sudo install-mbr /dev/sdc --force  # Had to apt-get the install-mbr function. It installs the mbr on the device
mkfs.vfat -F 32 -I -n PUPPY /dev/sdc1  # This formats the partition on the device as FAT 32, names it PUPPY and 'I' should do something useful?
sudo mount -o loop /home/bryan/Downloads/lupu-528.iso /media/iso  # Mount the puppy iso to a folder for reading
sudo partprobe /dev/sdc  # Mounts the USB device
sudo cp /media/iso/* /media/PUPPY/  # Copy the system files for the "disc" onto the USB
cd /media/PUPPY  # Make the USB the current working directory
sudo mv isolinux.cfg syslinux.cfg  # Rename the isolinux (CD) config files to syslinux config files
sudo mv isolinux.bin syslinux.bin  # Ditto
touch USBFLASH  # Create an empty identifier file (Puppy USB writer does this, too)
sudo syslinux -s /dev/sdc1  # Write the bootloader (stupidly) to the partition
Well, this still didn't work. I'm going to try

dd if=/dev/hda of=/dev/sdc bs=512 count=1
I don't quite know wtf /dev/zero is supposed to identify, but I know /dev/hda is my system hard drive. Therefore, using it as a basis for my MBR space should be useful. Actually, I m ight use /dev/hdb, the disk my Windows system is on. I don't think it really matters, though. I'm losing hope I'll get this figured out at this point. I've spent way too much time on it, especially since I should be writing my report for class right now lol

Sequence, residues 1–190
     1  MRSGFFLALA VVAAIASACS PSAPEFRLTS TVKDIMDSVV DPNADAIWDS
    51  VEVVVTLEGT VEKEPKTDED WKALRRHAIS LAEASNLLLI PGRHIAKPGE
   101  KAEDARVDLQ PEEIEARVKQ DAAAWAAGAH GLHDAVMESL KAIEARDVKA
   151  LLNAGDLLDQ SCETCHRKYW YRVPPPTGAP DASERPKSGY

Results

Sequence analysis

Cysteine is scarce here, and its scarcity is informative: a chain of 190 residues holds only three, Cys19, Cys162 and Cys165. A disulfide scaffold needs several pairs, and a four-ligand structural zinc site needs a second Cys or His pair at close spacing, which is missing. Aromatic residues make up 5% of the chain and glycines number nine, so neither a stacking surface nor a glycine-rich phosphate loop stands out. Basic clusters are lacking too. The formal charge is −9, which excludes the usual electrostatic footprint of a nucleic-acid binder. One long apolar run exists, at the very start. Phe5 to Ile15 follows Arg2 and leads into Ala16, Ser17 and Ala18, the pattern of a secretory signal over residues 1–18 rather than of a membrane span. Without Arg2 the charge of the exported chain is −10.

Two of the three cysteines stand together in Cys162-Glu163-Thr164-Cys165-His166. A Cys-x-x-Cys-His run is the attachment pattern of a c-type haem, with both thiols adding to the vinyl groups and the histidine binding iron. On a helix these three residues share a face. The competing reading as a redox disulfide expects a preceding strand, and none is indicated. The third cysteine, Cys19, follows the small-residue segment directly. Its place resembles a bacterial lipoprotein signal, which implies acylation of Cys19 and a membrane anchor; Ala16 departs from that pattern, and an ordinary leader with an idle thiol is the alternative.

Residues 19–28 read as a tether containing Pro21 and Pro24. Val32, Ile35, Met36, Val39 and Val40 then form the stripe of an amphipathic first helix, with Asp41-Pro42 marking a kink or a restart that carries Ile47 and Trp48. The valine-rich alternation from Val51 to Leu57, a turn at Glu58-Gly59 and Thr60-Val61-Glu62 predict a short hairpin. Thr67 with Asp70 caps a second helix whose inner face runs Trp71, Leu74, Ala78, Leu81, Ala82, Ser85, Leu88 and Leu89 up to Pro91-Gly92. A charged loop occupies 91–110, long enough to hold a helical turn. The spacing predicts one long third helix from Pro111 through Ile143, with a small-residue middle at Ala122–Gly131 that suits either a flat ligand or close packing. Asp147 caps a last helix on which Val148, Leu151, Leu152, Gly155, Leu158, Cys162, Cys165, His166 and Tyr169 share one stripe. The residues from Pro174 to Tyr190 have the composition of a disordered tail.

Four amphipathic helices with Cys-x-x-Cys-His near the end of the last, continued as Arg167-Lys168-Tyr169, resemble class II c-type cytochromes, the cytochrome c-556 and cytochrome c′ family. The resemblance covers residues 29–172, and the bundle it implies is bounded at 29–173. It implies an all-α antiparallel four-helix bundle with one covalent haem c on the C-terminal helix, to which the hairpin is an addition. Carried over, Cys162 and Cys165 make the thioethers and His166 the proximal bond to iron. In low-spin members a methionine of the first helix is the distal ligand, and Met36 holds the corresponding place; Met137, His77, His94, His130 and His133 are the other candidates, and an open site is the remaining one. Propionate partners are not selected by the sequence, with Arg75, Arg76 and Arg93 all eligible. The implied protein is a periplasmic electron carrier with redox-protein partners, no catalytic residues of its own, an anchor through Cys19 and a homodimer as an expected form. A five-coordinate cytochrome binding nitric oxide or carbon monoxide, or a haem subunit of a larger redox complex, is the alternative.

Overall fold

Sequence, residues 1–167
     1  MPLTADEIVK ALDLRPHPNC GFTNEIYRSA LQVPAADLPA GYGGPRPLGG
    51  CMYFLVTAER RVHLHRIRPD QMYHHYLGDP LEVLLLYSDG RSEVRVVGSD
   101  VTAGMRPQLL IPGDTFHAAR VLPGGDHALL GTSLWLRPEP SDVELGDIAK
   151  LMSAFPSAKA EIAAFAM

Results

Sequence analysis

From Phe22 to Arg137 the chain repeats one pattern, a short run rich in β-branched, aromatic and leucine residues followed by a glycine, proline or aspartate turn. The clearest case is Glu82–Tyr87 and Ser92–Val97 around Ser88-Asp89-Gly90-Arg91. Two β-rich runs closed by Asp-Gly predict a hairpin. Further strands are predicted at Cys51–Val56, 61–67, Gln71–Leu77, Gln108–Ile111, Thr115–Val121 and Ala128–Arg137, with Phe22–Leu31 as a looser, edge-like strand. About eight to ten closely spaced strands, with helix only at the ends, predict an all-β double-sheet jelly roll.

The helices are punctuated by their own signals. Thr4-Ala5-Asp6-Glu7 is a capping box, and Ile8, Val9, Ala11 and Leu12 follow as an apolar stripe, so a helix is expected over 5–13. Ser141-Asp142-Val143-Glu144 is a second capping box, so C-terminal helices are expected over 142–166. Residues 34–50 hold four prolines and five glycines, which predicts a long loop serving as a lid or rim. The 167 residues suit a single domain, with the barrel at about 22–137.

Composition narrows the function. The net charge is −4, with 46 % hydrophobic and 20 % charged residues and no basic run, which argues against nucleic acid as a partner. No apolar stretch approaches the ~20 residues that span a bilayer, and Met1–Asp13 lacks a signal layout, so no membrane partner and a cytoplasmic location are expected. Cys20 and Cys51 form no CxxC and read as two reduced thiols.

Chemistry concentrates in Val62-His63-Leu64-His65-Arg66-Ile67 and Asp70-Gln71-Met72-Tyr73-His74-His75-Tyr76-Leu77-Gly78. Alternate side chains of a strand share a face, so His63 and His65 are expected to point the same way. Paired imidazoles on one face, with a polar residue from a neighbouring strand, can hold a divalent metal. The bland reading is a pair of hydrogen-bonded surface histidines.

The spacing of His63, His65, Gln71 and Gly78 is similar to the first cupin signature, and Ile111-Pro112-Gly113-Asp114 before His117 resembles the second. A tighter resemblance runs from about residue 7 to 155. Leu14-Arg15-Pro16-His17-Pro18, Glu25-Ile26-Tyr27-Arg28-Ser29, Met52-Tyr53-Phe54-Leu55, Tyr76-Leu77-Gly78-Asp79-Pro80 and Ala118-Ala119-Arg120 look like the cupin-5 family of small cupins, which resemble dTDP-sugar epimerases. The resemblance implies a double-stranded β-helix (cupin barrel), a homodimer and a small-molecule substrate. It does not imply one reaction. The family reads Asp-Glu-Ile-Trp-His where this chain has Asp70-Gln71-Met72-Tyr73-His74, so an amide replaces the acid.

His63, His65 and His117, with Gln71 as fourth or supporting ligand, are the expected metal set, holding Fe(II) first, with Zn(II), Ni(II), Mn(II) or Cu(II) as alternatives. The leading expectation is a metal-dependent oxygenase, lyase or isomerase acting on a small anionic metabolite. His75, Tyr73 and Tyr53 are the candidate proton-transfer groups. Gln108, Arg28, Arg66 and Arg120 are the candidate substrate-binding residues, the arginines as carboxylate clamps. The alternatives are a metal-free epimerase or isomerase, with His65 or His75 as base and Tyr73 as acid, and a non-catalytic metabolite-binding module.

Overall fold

Probably A Mammal
As an update, I decided to try ms-sys. Unfortunately, I can't just apt-get it because Ubuntu had to remove it from its repositories due to possible copyright issues. Nevertheless, you can download it from sourceforge and do a make, make install in its directory to create it. I used it's commands

ms-sys -w /dev/sdc  # write mbr
ms-sys -w /dev/sdc1 # write boot loader
and I get a different result when I boot up: "invalid partition table"

I'm still at a loss. There shouldn't be anything wrong with the MBR at this point. I've used Windows to fix any problems and reformat the drive. I've used fdisk to write the partition tables. Still, it just doesn't want to load. It's frustrating, and I kind of want to try using Tiny Core Linux, now. I honestly wouldn't mind giving Puppy a serious try as my desktop OS (frugal install). With TCL, I could make a "data analysis workbench" so to speak. It's not made to be a whole OS. It's signature is amazingly small, and I could install a series of analysis tools that I could have with me anywhere I go. I think it could be useful. I'm afraid if I just go out and buy another USB, I'll just end up Fing it up, too now!


Probably A Mammal
Hm, yeah. That is a problem, but it's not intended to be a Desktop, at least initially. Maybe they changed that in Lupu? (Ubuntu compatible Puppy). I know I wouldn't want to worry about those things if I were using Tiny Core Linux, which is listed as not a completely Desktop OS. I know you should be able to implement that style of protection, though. Or just create a user account that's not admin, as we had to back in the day before Ubuntu :p